The Eastern Med in a state of flux


Our neighborhood is changing. The most important development, which became evident last year, is the United States’ reduced interest in the Eastern Mediterranean. If Washington does not return in the immediate future, Russia will rush to fill the vacuum, followed, perhaps, by China. The former powers who used to play a role in the region from the time of the Greek War of Independence are absent. Britain is a shadow of itself, with its visible presence contained to its bases on Cyprus; France and Germany have the great responsibility to manage the course and identity of the European Union, at a time when both face serious domestic challenges.

Yet the first serious indication of the fluidity regarding issues that concern Greece and Cyprus comes from the Turkish-occupied part of Cyprus. As expected, elections this Sunday resulted in victory for the National Unity Party (UBP), which opposes efforts to reunite the island. The party is likely to form a coalition with smaller parties that favor a two-state solution. As a result, Turkish-Cypriot leader Mustafa Akinci may become isolated and undermined, paying the price for having wanted to solve the Cyprus issue.

The failure of negotiations in Switzerland last year provided an ideal cover for all those who did not want a solution, strengthening the hand of Turkey and right-wing Turkish-Cypriot parties, without burdening them with the failure of the talks. Furthermore, on January 28, presidential elections will be held on Cyprus. If Nicos Anastasiades is re-elected, it will be very difficult for negotiations for a solution to continue if he does not have a strong Akinci as his opposite number. But even if the Turkish-Cypriot leader remains steadfast in his belief in the need for a solution, perhaps Anastasiades will not be able to convince those who backed him that a solution can be found on the basis of previous efforts. Whatever the outcome of the elections, it is clear that the situation on the island is changing. It is up to Turkey to avoid any crises around the issue of drilling for natural gas in the Cypriot Exclusive Economic Zone and on any other matters related to Greece and Cyprus. The pressure that Recep Tayyip Erdogan faces domestically and on the diplomatic front should make him hope to avoid trouble on Cyprus, but the Turkish president remains volatile and unpredictable.

One cannot help but think that whereas Washington used to be the one to put out the fires between Turkey and Greece, and between Turkey and Cyprus, it is now Moscow that maintains influence, especially with Ankara and Nicosia. Through strange paths over the past 200 years, when first the British and then the Americans did all they could to keep the area out of Russia’s orbit, and after Moscow lost the Cold War, it is Russia which seems to hold the strongest hand in the region. And yet, as long as the European Union remains united, maintaining its political and economic power, Greece, too, is in a strong position. As long as it does not find itself, again, in an economic impasse – which would happen if it cannot borrow at good rates after the end of the bailout agreement, if the banking sector does not recover, if there is no new spirit of optimism. Also, Greece remains vulnerable to any new mass influx of refugees and migrants, and to any trouble with Turkey.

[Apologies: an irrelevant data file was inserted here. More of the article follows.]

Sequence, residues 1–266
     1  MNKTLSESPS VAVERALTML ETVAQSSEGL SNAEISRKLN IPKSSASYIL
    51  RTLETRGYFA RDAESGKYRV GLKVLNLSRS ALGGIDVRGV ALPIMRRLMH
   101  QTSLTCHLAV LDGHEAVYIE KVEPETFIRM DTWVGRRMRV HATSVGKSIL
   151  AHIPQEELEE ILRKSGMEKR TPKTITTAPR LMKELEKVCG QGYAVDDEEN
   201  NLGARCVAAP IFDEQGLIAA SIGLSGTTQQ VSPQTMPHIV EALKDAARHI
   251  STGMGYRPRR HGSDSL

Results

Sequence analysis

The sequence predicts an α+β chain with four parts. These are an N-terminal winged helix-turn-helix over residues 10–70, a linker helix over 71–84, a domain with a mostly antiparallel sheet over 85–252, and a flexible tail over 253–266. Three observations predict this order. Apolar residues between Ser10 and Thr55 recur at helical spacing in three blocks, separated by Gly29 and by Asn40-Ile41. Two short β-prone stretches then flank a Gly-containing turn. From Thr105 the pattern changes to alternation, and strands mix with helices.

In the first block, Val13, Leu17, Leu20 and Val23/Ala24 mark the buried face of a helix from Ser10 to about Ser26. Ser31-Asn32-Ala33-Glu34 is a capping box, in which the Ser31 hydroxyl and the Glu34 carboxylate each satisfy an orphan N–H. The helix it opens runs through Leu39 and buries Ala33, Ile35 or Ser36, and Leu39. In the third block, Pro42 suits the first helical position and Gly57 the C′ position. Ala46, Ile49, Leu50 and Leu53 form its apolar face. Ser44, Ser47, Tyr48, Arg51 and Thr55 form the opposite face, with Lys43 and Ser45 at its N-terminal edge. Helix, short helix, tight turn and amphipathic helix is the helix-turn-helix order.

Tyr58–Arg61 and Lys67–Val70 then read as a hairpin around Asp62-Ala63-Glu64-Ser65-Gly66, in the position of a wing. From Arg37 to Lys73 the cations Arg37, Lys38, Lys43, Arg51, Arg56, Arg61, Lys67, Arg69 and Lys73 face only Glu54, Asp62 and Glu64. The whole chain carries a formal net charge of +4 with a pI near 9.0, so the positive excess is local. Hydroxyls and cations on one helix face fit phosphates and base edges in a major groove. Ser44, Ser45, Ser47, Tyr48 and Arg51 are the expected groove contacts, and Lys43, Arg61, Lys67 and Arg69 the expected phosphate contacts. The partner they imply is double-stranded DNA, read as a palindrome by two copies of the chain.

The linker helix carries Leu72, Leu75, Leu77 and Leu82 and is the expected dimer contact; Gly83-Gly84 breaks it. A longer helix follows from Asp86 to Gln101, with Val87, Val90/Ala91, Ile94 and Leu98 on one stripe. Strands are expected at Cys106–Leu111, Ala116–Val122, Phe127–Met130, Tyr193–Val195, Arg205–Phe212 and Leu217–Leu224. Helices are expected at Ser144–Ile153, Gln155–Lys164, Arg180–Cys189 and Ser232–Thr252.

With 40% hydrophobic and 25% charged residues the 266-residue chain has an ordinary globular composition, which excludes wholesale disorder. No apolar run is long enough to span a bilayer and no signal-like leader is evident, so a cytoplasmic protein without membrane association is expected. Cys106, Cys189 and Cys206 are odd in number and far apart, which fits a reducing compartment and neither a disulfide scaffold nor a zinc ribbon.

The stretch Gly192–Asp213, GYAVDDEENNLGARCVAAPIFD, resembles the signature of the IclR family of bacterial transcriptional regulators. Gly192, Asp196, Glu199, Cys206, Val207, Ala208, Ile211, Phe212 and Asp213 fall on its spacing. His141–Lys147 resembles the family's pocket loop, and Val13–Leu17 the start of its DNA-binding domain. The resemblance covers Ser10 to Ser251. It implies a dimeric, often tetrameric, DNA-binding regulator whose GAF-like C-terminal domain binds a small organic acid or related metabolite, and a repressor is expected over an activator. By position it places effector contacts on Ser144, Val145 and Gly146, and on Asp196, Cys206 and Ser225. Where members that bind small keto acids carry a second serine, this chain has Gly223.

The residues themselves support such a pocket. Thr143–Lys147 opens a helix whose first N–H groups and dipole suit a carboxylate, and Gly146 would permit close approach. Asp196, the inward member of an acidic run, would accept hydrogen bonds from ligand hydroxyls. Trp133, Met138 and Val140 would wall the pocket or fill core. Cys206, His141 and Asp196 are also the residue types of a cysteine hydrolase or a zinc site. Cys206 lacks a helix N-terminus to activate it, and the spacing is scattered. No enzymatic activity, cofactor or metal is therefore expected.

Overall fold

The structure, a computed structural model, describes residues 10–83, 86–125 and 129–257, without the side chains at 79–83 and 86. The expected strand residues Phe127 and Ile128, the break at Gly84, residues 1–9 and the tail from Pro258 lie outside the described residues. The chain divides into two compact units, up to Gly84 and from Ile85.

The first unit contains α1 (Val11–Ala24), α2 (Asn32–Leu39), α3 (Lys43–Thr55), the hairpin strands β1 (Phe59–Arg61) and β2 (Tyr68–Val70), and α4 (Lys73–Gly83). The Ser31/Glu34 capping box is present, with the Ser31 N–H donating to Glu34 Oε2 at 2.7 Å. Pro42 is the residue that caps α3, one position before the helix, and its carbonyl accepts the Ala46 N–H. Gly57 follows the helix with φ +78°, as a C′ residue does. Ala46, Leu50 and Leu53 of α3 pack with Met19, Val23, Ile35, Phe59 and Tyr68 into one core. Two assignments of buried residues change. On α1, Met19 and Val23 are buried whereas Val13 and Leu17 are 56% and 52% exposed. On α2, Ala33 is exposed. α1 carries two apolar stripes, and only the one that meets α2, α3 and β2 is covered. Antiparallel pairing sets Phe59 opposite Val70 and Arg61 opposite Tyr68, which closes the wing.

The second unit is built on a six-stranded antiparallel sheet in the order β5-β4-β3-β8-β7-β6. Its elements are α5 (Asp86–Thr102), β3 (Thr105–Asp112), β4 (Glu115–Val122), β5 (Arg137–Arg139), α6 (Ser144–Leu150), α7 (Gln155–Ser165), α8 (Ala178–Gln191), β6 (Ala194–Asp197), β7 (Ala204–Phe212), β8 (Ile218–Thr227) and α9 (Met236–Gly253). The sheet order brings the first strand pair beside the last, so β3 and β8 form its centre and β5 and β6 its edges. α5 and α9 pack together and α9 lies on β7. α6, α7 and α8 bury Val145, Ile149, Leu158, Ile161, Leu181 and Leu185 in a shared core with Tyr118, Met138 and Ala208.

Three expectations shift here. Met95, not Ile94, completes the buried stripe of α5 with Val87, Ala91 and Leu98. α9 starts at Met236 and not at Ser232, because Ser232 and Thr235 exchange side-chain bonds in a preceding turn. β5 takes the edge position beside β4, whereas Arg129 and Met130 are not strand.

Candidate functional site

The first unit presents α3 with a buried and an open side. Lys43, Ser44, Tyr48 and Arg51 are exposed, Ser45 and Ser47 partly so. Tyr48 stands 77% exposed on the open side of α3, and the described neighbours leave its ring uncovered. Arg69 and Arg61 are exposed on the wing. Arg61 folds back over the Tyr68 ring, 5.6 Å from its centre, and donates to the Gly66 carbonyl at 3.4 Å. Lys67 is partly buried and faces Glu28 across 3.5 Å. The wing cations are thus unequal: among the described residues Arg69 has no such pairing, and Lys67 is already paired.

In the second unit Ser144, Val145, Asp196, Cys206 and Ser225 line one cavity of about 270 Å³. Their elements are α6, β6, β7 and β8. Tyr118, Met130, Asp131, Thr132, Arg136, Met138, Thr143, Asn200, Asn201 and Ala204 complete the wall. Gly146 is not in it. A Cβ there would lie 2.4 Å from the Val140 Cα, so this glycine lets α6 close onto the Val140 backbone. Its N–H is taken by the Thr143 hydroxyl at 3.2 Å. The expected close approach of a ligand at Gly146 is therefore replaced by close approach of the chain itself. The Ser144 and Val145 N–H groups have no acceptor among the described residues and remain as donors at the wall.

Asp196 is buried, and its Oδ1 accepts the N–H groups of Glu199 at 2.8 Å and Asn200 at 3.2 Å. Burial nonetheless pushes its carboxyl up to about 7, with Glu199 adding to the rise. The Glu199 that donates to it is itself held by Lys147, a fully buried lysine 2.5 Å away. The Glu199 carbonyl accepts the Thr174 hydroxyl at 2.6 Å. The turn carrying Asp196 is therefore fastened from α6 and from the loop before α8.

Further away, Saudi Arabia is in transition, whereas the recent protests in Iran show that the other major player in the Sunni-Shiite proxy wars faces unpredictable domestic developments. Perhaps the only safe prediction is that the general sense of insecurity, along with the military defeat of the “transnational” Islamic State, will stoke nationalist fervor in many countries, as is usually the case. The question is when, and how, this tension will ease and the countries of the region will realize the need for cooperation and reconstruction. We have already seen this happen – in Europe after World War II. Whichever way we see it, in this rapidly changing world, the European Union remains a miracle. And the only stable point on which Greece and Cyprus can depend.